I had the pleasure last month of attending a talk with Humanist Celebrant Jo Hawes on assisted dying. I have always been a believer in assisted dying but am aware of the complications that surround the subject and I understand that there is never a clear black and white answer, there will always be grey areas.
My blog today will attempt to share some of the information provided by Jo's talk as well as giving you my view on assisted dying and the issues that accompany it.
I would like to use several examples, the first is my Mum's friend Jean who died of Cancer last year (Jo was the celebrant at Jean's funeral). Jean's last few days were described as horrendous and no-one could possibly have wanted to have inflicted such pain on anyone but all the staff could do was administer painkillers to help ease the pain. Could this have been an example of a situation where it was in the patients best interests to be helped to dye rather than suffering an additional last few days of hell?
One argument I tend to use is that we are kinder to animals than humans, I could never watch an animal of mine suffer if I knew there was no way it could get better and I would have no hesitation in making a vets appointment to prevent any prolonged suffering, in one case I had to break the neck of one of my cockatiels as it lay dying, shaking and screeching in pain, although it was not an easy thing to do I felt I had no option. I could counter this arguement with another ill bird who I was about to 'put to sleep' as he had been attacked by chickens but on this occasion I chose not to and the bird went on to live for another 2 years, enjoying his life thoroughly.Was I right in the first instance or should I have let nature take its course?
Jo talked about the Liverpool care pathway and how it is currently used to determine the treatment of dying patients, we talked about how it could be used to help decide when medical professionals could assist a patient to die more quickly if their diagnosis was already terminal and it was believed that the patients last few days or hours would be unbearable. Surely we can get a sensible approach to assess how much quality of life a person has, when someone gets to the point that they can't breathe for themselves, swallow, feed, drink, when they are incontinent and can't voluntarily move their own bodies, when someone reaches this point and they have no hope of getting better then I believe we should be able to assist them with their death.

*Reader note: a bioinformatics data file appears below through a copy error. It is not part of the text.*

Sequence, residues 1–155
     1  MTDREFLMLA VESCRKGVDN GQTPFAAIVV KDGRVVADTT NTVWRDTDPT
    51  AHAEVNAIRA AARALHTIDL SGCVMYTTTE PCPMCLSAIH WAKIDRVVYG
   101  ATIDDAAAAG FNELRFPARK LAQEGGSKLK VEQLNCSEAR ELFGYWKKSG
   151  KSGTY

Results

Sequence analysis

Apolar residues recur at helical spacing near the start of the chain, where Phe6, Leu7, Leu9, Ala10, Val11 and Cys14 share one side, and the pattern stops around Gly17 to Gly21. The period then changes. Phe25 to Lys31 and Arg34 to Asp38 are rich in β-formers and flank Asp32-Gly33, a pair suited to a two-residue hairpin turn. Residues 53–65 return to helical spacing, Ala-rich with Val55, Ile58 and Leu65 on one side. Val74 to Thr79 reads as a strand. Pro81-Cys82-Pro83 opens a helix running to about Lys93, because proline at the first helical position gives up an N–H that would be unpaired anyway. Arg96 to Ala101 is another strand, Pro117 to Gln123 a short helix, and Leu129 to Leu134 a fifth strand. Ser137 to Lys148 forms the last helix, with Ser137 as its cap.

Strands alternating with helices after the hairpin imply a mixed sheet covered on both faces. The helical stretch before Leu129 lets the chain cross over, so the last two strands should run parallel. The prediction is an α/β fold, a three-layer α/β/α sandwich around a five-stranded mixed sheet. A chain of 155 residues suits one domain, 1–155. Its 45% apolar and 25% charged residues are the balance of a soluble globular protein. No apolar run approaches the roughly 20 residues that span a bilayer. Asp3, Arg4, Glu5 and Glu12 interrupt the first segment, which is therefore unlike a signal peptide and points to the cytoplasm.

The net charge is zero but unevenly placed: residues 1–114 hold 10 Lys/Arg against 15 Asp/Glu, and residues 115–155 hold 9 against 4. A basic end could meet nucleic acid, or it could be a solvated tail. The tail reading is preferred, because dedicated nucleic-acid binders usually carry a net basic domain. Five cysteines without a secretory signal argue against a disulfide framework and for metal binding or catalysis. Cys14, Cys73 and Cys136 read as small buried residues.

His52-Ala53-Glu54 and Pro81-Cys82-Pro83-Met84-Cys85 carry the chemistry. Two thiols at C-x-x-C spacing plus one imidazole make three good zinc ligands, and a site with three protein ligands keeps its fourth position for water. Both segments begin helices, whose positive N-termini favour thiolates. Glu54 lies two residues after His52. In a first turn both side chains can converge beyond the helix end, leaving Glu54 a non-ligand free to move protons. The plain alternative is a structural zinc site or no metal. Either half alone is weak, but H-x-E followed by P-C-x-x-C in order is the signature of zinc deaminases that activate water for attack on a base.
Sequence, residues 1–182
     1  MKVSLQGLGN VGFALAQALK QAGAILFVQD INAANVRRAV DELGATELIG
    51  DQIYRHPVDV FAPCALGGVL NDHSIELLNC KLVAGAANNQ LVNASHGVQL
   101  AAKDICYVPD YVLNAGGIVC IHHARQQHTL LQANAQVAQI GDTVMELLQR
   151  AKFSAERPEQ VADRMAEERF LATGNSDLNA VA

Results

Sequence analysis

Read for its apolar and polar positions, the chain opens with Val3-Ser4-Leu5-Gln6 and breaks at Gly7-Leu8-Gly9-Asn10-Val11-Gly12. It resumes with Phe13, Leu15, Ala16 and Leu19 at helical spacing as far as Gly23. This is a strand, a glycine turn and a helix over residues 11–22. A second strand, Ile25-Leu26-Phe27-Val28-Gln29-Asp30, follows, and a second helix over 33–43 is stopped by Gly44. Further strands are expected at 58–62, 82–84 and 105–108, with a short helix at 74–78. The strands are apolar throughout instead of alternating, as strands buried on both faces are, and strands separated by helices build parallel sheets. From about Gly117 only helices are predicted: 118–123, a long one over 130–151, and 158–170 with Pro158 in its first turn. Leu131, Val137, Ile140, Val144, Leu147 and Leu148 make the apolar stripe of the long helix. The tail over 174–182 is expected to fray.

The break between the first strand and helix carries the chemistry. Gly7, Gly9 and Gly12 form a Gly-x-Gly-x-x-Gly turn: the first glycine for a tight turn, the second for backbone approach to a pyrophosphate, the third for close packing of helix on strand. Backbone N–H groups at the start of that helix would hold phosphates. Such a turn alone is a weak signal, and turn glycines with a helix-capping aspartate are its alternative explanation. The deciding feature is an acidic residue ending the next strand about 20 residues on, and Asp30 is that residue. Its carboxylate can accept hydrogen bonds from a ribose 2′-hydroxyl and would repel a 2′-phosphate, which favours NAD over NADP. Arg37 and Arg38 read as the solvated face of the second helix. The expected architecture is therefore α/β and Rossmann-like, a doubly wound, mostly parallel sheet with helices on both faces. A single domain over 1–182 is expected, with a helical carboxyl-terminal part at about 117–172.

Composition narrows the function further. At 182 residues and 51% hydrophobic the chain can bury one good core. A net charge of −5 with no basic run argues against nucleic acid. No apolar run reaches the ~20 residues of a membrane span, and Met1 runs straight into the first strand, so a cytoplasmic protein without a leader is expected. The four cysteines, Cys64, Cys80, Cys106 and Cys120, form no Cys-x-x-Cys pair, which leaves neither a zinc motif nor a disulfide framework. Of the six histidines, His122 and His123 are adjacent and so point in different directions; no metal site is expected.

Some of you may have seen the recent Terry Pratchett documentary on his visit to Dignitas or you may simply have read the media backlash after the documentary was aired:
For me it was sad that a man (Peter Smedley - pictured below) had to travel abroad to kill himself before he was ready to die rather than stay in this country and wait for his condition to worsen. Even more fascinating are the figures that many of those using the Dignitas service have nothing wrong with them, they are simply tired of living. An 84 year old, Nan Maitland used Dignitas to take her own life after saying she wanted avoid the prolonged dwindling of old age, she was not terminally ill but knew that her body was starting to fail and arthritis was worsening.
Picture above of Peter Smedley as he takes his own life in front of his wife in the Dignitas clinic.
Another controversial dignitas patient was ex England youth rugby player Daniel James who chose to die at Dignitas after becoming paralysed and saying he wasn't prepared for a second class life. Whilst many victims of paralysis go on to have great lives for Daniel 'felt his body had become a prison' and his 'fear and loathing of life was increasing with each day'
So let's get a few facts straight, suicide is not illegal in the UK (it was pre-1960's), anyone can take their own life, although culturally in Britain suicide tends to be frowned upon, in other cultures this can be the opposite e.g. Kamikaze pilots in WW2. There are also moves within the UK legal system to prevent anyone getting prosecuted if they do help someone to die in circumstances where the patient is terminally ill, Daniel James parents were not prosecuted for taking him to Dignitas.
Do we have a right to die, if you are a Christian you may think not as you are likely to believe that God will decide when it is your time to go and that no-one has the right to take a life. The Christian ethos is also very anti-suicide. As a humanist I do believe that we should have a right to death.
Here is another argument that was presented by Jo during her talk, she used the example of a young child in hospital, their prognosis was not good, they were described as being in constant pain, they had no bladder yet parents and medics fought to keep the child alive eventually creating an artificial bladder that would be of benefit to medical science and would later be of benefit to many individuals; Did this medical breakthrough warrant the child's suffering and poor quality of life?
Perhaps some people fear that by supporting assisted suicide we are making way for greedy families to take the lives of their elderly relatives for financial gain? I think these cases would be and are a minority and we already have existing laws to deal with such offenders.
I do not aim to bring any conclusions to this argument as the answers will vary for different people of different cultures and religion but I do want to the right to die with as much dignity as possible. I would hate to think that time and money would be wasted on keeping me alive if I had no prospect of getting better and if my life was miserable for both me and those around me.
Post a Comment